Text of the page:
Last weekend, Pitch embarked on our very first Farmfest, held annually in Bruton’s handsome Gilcombe Farm site.

Like all good festivals, Farmfest was created by a group of like-minded friends, who wanted to plug a gap left by the commercially-motivated festivals dominating the market a decade ago. Beginning humbly in 2006 with just 400 people, Farmfest now homes 5,000 people for one weekend a year, to revel in the Farmfest party spirit.

Watch our Farmfest 2016 video

The small but perfectly formed festival has historically done a solid job of curating a lineup that champions both internationally renowned acts and South West gems. This year’s offering spanned the breadth of Gilles Peterson, Hot 8 Brass Band and GoGo Penguin, to the relatively undiscovered Pete Josef, Rachael Dadd and Kayla Painter who all hail from nearby talent reservoir, Bristol.

Farmfest champions both internationally renowned acts and South West gems

Having driven into a dark campsite on Thursday night, we emerged booze-depleted and sore-headed from our tents, and meandered the short distance to the main arena to feast our eyes on some festivally sights and some coffee.

It wasn’t long before punters piled in, stages started to kick up a fuss, and the festival was in full swing…

Most of our group spent a good portion of Saturday dancing on the Soul Train, which took the shape of an old steam train carriage, where a good 40 or so glitter-doused people crammed aboard to dance to funk, soul and disco.

Pitch_Farmfest_Soul Train

Whereas our counterparts soaked up the entertainment at The Palladium stage, which, across the weekend, hosted a selection of stand-up comedy, improvised theatre, poetry, film screenings and chaotic music-themed Never Mind the Bingo (shout out to other Rachael for winning a prize for her Kate Bush impression).

A lot of dancing, beers and silliness later; day melted into night. One of things many people take away from the festival is the easy relationship between the family-friendly daytime VS massive party at night.

the easy relationship between the family-friendly daytime VS massive party at night

By day, hippy kids are wheeled through fields in pimped-out trollies. But come nightfall, the under 18s clear out and you’re free to throw some serious shapes with zero fear of knocking out a littl’un.

There aren’t many festivals that can boast a fully-loaded kids’ tent and entertainment through till 7pm, and great DJs until 4am. I’m sure many of us are familiar with the age-old tale of wandering a festival site after the stages shut at 1am, seeking the warmth of a crowd and a bassline.FARMFESTSIGN_AJR_4017_ALEX_RAWSONFriday evening’s headline slot was bestowed upon Mercury prize-winning hip hop luminaries Young Fathers, but we made the controversial decision to head to the Big Blue tent to see DJ Format & Abdominal instead, taking advantage of a rare UK performance together. The move paid off when we got to witness a live delivery of Abdominal’s insane Breath Later, where he utters 48-bars in one breath, not once, but three times in the four minute track.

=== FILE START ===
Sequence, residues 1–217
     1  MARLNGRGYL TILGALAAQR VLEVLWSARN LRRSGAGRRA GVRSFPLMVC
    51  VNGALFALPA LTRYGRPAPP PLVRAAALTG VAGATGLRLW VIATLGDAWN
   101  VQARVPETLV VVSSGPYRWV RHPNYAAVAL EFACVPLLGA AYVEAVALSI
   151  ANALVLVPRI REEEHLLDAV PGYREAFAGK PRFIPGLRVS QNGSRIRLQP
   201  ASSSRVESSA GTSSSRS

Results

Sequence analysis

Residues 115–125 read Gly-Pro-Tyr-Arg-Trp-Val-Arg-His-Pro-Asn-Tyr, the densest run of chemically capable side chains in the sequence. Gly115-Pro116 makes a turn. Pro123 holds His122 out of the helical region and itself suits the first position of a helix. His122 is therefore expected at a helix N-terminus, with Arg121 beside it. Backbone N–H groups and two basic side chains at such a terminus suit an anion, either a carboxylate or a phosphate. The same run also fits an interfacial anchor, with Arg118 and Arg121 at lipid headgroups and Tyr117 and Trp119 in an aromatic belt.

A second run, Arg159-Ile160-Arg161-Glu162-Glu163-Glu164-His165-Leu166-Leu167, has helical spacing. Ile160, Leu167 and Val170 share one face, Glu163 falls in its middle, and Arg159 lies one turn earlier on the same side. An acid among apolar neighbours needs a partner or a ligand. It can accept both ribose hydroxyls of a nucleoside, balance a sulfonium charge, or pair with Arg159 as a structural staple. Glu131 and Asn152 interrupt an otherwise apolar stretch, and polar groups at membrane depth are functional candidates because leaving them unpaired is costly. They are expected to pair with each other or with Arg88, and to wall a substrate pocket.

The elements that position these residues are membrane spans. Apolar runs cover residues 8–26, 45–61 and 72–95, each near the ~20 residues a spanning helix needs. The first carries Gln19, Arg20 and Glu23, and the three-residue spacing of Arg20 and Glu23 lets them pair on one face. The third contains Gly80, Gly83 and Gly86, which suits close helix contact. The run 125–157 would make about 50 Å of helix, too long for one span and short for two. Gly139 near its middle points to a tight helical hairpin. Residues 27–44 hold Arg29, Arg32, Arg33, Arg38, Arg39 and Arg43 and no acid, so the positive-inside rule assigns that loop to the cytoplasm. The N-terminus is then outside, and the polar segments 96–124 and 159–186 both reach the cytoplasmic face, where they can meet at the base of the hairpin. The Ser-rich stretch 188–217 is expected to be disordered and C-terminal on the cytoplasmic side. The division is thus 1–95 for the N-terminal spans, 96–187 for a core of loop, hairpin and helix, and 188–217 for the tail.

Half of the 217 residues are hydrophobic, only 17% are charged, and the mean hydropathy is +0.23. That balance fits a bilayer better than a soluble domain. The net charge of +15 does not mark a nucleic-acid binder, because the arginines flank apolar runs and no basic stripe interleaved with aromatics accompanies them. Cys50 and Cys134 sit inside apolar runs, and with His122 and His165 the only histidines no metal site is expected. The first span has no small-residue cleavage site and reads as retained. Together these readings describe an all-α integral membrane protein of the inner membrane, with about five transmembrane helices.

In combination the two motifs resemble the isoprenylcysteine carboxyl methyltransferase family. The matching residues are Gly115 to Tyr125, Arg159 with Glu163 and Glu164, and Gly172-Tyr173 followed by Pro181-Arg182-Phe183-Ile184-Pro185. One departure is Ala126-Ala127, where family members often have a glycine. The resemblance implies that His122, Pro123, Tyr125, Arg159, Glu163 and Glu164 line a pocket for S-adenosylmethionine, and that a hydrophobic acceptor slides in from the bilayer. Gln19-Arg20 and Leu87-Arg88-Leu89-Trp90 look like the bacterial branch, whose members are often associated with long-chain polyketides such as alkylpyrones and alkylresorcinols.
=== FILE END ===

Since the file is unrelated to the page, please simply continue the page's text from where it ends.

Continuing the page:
we made the controversial decision to head to the Big Blue to see DJ Format & Abdominal instead

Funky New Orleans marching band Hot 8 Brass Band (who we recently had the pleasure of talking to – Read the interview here) continued the good vibes, before a couple of unsurprisingly amazing sets from Lone and Pearson Sound B2B with Kowton.

With the rest of the stragglers, the night finished, of course, with Bristol’s Shapes crew, who unrelentingly kept the party going until 4am in their tent, The Kitchen, with a thudding mix of house, techno and a little bit of disco.

Bristol’s Shapes crew unrelentingly kept the party going until 4am

Saturday began with the obligatory tent crawl until we found something that took our fancy – a bit of reggae back at The Kitchen, leaving one of our comrades behind at The Den for some more funky house and soul (which featured heavily on this year’s line up, if you couldn’t tell).Pitch_Farmfest_CrowdPitch_Farmfest_The DenLater, we headed over The Palladium for some more comedy, where during a turnaround, compere-turned-spotify-DJ Mark Olver took requests on his mobile phone, turning The Palladium into a temporary 90s rave, before Welsh comic Phil Cooper had us bent over in stitches.

compere-turned-spotify-DJ Mark Olver turned the Palladium into a temporary 90s rave

But before long, the sound of Pete Josef drifting across the field dragged us back over to the Main Stage for little blissed-out bop in the sunshine.

A highlight of the whole weekend was undoubtedly Saturday’s Main Stage headliner GoGo Penguin. Laden with a double bass, drum kit and piano, the Manchester jazz trio carried us blithely through the sunset with their serene acoustic electronica.

Up next, the formidable Gilles Peterson dove headfirst into his Brazilian-inspired samba selections, with a crowd-pleasing mix of Ain’t No Sunshine thrown in for good measure. Excellent though he is, 40 minutes of Gilles Peterson and you’ve pretty much got the gist, so we made our way next door to the Big Blue to throw ourselves around one last time to some disco-y drum and bass with 90s duo Bentley Rhythm Ace.

If you’re hungry for a little bit more of the action, check out our Farmfest video

Until next year Farmfest, cheers!

Photo from Farmest Facebook page

Photo courtesy of the Farmest Facebook page

Photo credits: Alex Rawson, Gary Park